Wow. This is remarkable several different ways. First, big kudos to Tsering Namgyal for having the foresight to perserve this quote for posterity and, even more so, for recognizing that China's "Communist Party" has completely embraced capitalism (something that commentators on the left and right alike who inhabit a Cold War time-warp refuse to get). Second, big kudos to the Dalai Lama for recognizing that there is no contradiction between his demands for an autonomous Tibet and the struggle for a classless society! We wish someone had been on hand to ask for his thoughts on the legacy of Bapa Phuntso Wangye—the Tibetan Marxist leader who struggled for an autonomous homeland during Mao's revolution (eventually being purged for his efforts). Bigger kudos still to His Holiness (yes, a rather un-Marxist honorific) for grasping the distinction between Marxism and Leninism—another subtlety invariably lost on the Cold War time-warp crowd. 

    Marx's widely misunderstood phrase "dictatorship of the proletariat" did not imply rule by a "vanguard party"—that was Lenin's innovation, and as Yugoslav dissident Marxist Milovan Djilas later pointed out, the vanguard party showed an almost inevitable tendency to become the ruling "New Class," replicating capitalist power relations under "Communism." An unorthodox Marxism stripped of its authoritarian Leninist baggage is precisley what is needed for the new crisis of capitalism we have been witnessing for the past four years—a crisis now spreading to China, as renewed labor militancy there unequivocally demonstrates. It can be argued that the contemporary Chinese state is precisely the opposite: It has kept Lenin (a ruling single party) but utterly abandoned Marx!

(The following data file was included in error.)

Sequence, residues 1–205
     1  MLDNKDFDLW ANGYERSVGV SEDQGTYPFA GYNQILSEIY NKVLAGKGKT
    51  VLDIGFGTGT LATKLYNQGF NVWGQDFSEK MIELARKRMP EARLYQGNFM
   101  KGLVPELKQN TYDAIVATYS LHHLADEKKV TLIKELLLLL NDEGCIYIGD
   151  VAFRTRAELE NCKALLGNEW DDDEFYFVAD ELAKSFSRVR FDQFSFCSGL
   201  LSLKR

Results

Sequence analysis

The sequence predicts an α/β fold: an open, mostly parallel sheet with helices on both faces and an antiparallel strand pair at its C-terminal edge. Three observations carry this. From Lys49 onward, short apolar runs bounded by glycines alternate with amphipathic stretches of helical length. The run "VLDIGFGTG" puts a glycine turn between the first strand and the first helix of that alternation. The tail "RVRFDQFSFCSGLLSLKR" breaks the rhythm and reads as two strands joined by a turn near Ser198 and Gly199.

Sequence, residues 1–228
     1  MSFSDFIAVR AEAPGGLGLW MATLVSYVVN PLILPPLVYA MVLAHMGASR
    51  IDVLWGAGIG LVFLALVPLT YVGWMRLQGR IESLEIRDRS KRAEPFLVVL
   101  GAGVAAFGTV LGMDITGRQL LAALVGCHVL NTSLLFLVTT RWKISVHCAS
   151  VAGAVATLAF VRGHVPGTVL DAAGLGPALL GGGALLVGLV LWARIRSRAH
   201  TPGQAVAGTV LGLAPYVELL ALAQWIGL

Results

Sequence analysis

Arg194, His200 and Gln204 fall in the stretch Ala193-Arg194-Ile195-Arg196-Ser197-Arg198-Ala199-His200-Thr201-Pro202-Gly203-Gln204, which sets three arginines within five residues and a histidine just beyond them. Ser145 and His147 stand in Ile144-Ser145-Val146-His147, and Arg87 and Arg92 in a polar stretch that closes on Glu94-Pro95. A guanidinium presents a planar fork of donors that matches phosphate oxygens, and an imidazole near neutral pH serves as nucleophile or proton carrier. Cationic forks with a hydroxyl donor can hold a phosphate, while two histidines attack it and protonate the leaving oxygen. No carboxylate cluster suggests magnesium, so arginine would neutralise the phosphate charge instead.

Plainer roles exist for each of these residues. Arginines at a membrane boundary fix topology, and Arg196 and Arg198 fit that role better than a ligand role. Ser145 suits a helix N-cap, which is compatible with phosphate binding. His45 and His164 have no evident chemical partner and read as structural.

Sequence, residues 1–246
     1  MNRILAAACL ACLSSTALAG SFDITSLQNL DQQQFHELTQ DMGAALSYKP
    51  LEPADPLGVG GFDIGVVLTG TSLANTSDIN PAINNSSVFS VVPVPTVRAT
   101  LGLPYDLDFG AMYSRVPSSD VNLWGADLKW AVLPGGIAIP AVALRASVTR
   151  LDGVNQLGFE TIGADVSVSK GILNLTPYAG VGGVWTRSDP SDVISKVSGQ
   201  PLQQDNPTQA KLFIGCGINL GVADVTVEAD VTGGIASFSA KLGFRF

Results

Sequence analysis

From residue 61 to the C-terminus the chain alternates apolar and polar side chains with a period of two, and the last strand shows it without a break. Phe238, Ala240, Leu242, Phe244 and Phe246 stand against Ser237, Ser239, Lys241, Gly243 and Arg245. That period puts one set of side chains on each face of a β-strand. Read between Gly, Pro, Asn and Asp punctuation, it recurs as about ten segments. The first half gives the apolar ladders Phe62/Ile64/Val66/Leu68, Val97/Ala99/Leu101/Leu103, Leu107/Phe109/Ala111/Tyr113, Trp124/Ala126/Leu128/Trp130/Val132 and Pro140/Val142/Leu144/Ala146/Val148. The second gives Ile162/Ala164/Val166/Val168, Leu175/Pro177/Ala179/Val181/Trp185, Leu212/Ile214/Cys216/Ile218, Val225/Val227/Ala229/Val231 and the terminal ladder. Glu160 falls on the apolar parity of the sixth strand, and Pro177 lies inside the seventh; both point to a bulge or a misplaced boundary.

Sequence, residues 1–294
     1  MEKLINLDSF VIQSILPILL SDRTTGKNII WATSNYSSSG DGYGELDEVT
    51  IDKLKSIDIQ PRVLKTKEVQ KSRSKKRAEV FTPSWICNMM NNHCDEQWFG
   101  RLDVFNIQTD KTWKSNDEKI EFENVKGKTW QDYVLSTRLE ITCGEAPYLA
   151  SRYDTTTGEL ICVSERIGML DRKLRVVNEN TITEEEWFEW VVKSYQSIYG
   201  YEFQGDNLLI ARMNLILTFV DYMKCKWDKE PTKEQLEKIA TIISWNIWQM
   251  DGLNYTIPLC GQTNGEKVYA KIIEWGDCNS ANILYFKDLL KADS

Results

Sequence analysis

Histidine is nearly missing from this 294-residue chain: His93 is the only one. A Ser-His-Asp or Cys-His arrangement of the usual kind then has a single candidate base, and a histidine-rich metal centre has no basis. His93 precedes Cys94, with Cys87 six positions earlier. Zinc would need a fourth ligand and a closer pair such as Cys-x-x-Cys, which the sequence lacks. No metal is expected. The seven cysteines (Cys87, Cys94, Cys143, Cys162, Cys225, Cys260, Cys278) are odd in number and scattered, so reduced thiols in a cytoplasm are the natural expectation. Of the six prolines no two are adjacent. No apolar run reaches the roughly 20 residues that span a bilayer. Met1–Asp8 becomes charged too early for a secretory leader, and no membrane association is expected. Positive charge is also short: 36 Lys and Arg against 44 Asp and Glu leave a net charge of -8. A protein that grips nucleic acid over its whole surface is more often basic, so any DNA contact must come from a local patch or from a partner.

As we've stated before, we aren't going to weigh in on whether the Maoist system was (as the Maoists hold) authentically socialist or (as the Trotskyists hold) a "deformed workers' state" or (as the unorthodox Marxists and anarchists hold) state-capitalist. The point is that it, whatever it was, is gone. Under Deng Xiaoping it began to transform into an openly state-capitalist system, in the style of Mexico under the PRI, and since his death has become ever more an "American-style" system of unregulated capitalism. If the Dalai Lama would emphasize his Marxism more (and his New Age platitudes less), he would actually become a greater threat to the Beijing bureacracy. A united front of captive nations seeking autonomy, such as the Tibetans and Uighurs, with the disenfranchised Han workers and peasants could actually have the potential to get the Chinese Revolution back on track… 1911, 1949, 2013?

    Stay tuned.